One of my favorite news aggregators is the Real Clear service that pulls opinion pieces from all across the web and then categorizes them into “Politics,” “Science,” “Technology,” “Religion,” etc. I recently found a couple of articles in their Religion section on Mormon history to be rather interesting.
In case you are unaware of this issue, in the last 100 years or so, ever since the last people who knew Joseph Smith personally died, church publications about his life history tended to focus on the more positive aspects of his life history. Some have interpreted this as a sort of cover-up. In full disclosure, I am of the school of thought that it is simply a manifestation of cognitive-dissonance. As historians no longer had access to primary sources that could put some of the unsavory and/or questionable information about Brother Joseph into context, they would just exclude it.
Well, this was all fine and good until the advent of the internet when everything knowable about Joseph’s life was suddenly published and many members came across information that had been left out of his official biographies. What more, this information was often published without historical context and framed in a negative way. I recently attended a conference with a BYU historian and he spoke of being on the defensive in the battle of providing context to Joseph’s life history and much of what he did.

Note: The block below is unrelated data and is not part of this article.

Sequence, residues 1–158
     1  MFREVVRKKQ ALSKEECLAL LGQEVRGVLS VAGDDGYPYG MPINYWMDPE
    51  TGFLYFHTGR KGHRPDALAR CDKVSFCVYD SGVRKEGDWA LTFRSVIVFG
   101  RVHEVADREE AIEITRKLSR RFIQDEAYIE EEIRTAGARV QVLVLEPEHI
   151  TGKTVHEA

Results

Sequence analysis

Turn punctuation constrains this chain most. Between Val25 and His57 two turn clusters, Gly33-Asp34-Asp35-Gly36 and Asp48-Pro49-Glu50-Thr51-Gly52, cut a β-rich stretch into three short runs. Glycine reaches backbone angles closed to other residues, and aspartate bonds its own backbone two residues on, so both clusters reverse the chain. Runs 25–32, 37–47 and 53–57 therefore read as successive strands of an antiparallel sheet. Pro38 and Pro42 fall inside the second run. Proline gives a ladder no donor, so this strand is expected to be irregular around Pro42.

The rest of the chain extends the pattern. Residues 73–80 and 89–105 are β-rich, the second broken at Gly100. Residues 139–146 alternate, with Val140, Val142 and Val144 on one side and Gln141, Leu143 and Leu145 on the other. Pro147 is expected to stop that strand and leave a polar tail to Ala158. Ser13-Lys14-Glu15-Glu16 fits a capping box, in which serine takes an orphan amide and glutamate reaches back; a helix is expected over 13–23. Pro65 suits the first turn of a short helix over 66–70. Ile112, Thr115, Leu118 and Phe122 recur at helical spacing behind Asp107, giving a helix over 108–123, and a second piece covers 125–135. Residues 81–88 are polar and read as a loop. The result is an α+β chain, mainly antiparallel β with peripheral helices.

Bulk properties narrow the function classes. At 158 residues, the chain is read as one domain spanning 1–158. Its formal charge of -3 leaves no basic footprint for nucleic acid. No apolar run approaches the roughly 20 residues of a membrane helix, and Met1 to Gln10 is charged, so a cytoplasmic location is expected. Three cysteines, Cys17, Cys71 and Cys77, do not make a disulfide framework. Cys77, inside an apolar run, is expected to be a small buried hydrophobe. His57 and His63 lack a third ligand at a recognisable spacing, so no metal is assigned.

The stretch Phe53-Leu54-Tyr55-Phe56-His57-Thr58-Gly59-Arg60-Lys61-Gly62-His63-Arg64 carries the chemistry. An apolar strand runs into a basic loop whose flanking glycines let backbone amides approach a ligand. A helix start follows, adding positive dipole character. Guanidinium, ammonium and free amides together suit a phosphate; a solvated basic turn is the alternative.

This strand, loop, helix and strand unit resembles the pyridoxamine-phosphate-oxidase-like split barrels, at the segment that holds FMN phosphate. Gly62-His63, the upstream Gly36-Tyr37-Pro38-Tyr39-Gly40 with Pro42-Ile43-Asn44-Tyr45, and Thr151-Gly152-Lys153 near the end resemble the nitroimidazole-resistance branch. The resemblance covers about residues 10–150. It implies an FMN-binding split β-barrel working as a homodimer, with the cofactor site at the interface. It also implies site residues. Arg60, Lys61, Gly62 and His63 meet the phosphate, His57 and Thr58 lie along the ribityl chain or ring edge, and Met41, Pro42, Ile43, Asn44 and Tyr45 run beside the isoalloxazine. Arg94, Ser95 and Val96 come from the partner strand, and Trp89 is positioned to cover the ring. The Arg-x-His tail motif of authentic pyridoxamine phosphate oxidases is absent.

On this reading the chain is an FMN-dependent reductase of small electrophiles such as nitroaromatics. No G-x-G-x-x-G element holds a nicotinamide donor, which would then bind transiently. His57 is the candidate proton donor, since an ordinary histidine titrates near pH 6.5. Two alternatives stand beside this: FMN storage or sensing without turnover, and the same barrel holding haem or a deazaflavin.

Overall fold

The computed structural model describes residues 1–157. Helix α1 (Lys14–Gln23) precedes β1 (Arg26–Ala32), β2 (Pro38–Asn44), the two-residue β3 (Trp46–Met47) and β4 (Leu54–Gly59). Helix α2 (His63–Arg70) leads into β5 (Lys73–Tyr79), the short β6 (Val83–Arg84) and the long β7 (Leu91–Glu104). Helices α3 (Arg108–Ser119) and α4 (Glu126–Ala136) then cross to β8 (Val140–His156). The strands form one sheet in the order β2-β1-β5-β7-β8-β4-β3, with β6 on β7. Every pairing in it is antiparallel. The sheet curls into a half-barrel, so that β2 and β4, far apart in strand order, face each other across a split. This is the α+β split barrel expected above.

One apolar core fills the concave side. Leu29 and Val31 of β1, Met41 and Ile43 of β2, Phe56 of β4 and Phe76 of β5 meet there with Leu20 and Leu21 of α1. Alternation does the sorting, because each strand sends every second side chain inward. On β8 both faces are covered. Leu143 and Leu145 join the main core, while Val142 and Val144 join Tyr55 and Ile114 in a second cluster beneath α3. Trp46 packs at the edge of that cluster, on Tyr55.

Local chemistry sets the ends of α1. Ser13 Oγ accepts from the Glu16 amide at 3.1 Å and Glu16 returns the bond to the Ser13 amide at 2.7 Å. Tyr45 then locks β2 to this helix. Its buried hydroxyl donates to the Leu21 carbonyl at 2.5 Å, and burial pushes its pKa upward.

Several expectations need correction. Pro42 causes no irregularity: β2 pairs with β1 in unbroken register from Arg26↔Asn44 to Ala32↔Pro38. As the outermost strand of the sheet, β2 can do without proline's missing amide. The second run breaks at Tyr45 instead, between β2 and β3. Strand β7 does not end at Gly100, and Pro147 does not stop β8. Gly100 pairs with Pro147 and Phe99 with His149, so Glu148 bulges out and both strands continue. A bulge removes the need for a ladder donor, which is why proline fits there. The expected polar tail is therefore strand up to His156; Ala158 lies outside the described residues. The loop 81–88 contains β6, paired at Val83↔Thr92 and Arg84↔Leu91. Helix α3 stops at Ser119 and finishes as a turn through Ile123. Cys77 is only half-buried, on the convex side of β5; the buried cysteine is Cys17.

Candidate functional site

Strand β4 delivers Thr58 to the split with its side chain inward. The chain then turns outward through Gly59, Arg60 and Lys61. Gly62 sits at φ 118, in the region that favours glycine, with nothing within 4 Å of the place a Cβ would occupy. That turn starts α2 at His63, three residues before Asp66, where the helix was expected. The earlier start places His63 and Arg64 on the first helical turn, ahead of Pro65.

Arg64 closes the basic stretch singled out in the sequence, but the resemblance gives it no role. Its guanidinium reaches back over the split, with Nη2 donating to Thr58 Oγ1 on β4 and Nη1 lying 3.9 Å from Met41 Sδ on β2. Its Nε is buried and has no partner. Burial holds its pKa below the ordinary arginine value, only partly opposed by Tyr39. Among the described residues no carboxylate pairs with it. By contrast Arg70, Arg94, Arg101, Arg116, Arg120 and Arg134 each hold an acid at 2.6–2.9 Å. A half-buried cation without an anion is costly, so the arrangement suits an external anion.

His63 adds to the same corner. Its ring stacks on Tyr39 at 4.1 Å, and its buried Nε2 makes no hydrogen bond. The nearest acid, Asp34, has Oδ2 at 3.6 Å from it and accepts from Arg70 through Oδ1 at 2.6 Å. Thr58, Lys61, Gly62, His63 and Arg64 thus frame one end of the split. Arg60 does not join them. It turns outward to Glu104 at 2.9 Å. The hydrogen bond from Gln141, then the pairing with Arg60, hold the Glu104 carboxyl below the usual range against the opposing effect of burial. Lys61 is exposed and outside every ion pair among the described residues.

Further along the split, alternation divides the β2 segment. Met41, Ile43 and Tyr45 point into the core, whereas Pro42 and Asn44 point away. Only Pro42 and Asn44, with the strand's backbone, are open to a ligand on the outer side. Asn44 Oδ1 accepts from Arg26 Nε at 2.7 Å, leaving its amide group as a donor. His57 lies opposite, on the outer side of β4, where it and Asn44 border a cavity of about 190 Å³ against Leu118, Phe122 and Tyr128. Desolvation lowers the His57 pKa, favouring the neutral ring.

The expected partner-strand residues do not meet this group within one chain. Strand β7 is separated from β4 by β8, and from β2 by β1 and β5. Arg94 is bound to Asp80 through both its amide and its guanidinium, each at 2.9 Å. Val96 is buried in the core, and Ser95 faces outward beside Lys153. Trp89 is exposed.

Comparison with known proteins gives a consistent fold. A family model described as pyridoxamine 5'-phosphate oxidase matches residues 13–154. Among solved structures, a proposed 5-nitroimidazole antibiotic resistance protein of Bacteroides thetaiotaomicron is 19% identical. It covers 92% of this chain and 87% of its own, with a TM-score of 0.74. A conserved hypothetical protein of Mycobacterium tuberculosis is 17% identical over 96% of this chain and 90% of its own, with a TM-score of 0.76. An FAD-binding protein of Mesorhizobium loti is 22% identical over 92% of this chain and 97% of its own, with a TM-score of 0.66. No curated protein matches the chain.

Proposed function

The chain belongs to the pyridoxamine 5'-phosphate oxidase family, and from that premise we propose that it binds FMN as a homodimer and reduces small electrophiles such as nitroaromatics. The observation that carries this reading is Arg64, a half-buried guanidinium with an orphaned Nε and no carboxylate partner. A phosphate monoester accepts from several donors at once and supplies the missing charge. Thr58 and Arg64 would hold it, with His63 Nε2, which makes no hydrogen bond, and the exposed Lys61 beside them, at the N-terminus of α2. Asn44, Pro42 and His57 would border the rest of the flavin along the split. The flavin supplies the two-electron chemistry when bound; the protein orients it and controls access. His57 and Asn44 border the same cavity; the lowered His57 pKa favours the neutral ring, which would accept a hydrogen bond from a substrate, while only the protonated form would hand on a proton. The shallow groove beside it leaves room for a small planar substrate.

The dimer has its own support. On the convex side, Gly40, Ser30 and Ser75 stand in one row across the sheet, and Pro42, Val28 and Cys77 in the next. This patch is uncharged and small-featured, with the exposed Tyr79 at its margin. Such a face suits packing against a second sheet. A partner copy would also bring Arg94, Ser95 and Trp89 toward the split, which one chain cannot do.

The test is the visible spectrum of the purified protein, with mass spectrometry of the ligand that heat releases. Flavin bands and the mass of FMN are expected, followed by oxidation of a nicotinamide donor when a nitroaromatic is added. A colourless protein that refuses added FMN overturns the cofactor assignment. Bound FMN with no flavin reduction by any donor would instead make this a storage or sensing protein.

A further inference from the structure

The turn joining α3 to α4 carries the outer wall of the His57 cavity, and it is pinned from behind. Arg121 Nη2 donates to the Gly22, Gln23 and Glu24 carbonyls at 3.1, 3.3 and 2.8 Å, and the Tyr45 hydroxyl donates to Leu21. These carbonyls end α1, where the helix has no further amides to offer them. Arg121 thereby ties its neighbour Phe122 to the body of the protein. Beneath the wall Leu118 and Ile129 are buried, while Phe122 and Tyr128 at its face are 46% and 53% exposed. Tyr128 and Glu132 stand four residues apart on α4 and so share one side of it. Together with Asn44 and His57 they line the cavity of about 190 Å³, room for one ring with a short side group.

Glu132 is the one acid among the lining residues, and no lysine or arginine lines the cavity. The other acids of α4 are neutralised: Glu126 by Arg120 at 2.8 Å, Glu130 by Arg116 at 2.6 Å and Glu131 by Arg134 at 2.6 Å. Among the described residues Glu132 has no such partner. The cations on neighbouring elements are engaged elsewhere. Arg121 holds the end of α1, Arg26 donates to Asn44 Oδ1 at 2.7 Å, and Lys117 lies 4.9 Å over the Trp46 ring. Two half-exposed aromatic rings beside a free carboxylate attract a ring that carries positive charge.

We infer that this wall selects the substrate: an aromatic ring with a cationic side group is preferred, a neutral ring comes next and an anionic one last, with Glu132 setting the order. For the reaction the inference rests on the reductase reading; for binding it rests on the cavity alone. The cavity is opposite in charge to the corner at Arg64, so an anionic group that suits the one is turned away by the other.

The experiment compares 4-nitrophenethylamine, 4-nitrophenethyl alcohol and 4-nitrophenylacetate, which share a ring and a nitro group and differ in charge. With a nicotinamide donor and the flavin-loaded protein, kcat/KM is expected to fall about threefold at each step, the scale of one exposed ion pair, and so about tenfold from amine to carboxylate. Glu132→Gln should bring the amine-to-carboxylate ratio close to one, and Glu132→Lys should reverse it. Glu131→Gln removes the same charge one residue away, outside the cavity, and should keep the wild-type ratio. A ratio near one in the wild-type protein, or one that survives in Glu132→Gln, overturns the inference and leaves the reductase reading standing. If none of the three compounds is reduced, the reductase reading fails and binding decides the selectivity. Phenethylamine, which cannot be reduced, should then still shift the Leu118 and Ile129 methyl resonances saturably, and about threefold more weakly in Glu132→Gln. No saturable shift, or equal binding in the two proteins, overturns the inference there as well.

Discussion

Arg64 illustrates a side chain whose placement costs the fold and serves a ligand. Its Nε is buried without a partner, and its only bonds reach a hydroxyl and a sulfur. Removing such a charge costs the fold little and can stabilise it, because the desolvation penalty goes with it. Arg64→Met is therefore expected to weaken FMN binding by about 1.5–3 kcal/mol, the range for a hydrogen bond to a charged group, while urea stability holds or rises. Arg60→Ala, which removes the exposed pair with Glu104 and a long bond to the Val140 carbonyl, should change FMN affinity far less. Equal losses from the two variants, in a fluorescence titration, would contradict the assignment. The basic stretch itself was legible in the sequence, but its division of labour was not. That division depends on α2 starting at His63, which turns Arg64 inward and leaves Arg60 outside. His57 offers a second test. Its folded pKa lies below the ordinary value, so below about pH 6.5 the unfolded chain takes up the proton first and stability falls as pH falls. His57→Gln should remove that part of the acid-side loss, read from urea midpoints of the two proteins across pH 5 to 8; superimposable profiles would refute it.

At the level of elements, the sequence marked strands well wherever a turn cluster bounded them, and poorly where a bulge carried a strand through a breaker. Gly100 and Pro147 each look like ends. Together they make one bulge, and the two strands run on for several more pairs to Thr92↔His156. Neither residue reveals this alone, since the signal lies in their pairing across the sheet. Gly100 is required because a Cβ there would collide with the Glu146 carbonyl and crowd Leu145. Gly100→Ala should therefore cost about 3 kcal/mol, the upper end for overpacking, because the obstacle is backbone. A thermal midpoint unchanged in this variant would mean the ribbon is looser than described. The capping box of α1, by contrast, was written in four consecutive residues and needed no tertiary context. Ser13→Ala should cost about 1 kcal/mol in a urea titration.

Well, I found it interesting that on Sunday the New York Times published a lengthy article “Some Mormons Search the Web and find Doubt.” It addresses this problem and unfortunately frames it badly, basically implying that it should be causing more problems than it is. I read this via Real Clear Religion, and was disappointed.
So, then this morning I go back to Real Clear Religion and find a new article on Patheos about Joseph Smith and what the author frames as “occult” practices (“Occult in America: Joseph Smith“). This was not written in response to the New York Times Article, and in fact was published one day prior. The interesting thing about this article is that in spite of his use of the word “occult” and the derogatory moniker “old Joe,” he actually provides some very good historical context for certain religious practices Joseph used to seek revelation that have fallen out of favor both inside of contemporary Mormonism and mainstream American Christianity. He provides several statements that normalize Joseph’s divining and revelatory practices.
“Those beliefs did not make [the Smith family] outsiders either, it made them average.”
“Incredibly such ‘visions’ were a part of the religious landscape in the United States during the early part of the 19th Century.”
“Old Joe was simply a product of his times, and while most of us today probably scoff at the idea of searching for buried treasure, it was a fairly common pastime in early America.”
“In addition to seer stones and divining rods Joseph Smith and family also practiced ceremonial magic. Again, this is not unique. In 1822 a magazine in New York stated that ‘we find textbooks of Kabbalah, necromancy, astrology, magic, fortune-telling, and various proofs of witchcraft’ when writing about a local bookstore.”
The author even opened with this gem: “When it was over and all my research was done if I found myself really liking ‘Old Joe.’ Don’t worry, converting to Mormonism never crossed my mind, but I’m drawn to religious outsiders, and Joseph Smith Junior might be the most famous religious outsider of the last 200 years.”